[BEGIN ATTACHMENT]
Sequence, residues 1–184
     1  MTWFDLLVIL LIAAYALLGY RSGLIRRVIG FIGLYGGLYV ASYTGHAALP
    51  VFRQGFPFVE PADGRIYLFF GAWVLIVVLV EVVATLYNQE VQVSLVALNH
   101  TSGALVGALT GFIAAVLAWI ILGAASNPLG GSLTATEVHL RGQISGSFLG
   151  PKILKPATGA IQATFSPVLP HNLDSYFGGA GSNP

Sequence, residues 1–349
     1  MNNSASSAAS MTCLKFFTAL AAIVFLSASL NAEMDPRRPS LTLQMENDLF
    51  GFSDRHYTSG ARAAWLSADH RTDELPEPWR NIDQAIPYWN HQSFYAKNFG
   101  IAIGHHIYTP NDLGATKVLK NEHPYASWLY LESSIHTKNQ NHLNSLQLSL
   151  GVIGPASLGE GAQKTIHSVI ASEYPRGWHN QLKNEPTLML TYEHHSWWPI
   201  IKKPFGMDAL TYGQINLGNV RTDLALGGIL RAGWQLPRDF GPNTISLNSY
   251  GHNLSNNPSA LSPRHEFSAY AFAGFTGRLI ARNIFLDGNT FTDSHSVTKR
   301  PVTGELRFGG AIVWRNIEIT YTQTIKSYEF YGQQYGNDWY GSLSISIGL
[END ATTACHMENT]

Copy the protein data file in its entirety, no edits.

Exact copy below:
Sequence, residues 1–184
     1  MTWFDLLVIL LIAAYALLGY RSGLIRRVIG FIGLYGGLYV ASYTGHAALP
    51  VFRQGFPFVE PADGRIYLFF GAWVLIVVLV EVVATLYNQE VQVSLVALNH
   101  TSGALVGALT GFIAAVLAWI ILGAASNPLG GSLTATEVHL RGQISGSFLG
   151  PKILKPATGA IQATFSPVLP HNLDSYFGGA GSNP

Sequence, residues 1–349
     1  MNNSASSAAS MTCLKFFTAL AAIVFLSASL NAEMDPRRPS LTLQMENDLF
    51  GFSDRHYTSG ARAAWLSADH RTDELPEPWR NIDQAIPYWN HQSFYAKNFG
   101  IAIGHHIYTP NDLGATKVLK NEHPYASWLY LESSIHTKNQ NHLNSLQLSL
   151  GVIGPASLGE GAQKTIHSVI ASEYPRGWHN QLKNEPTLML TYEHHSWWPI
   201  IKKPFGMDAL TYGQINLGNV RTDLALGGIL RAGWQLPRDF GPNTISLNSY
   251  GHNLSNNPSA LSPRHEFSAY AFAGFTGRLI ARNIFLDGNT FTDSHSVTKR
   301  PVTGELRFGG AIVWRNIEIT YTQTIKSYEF YGQQYGNDWY GSLSISIGL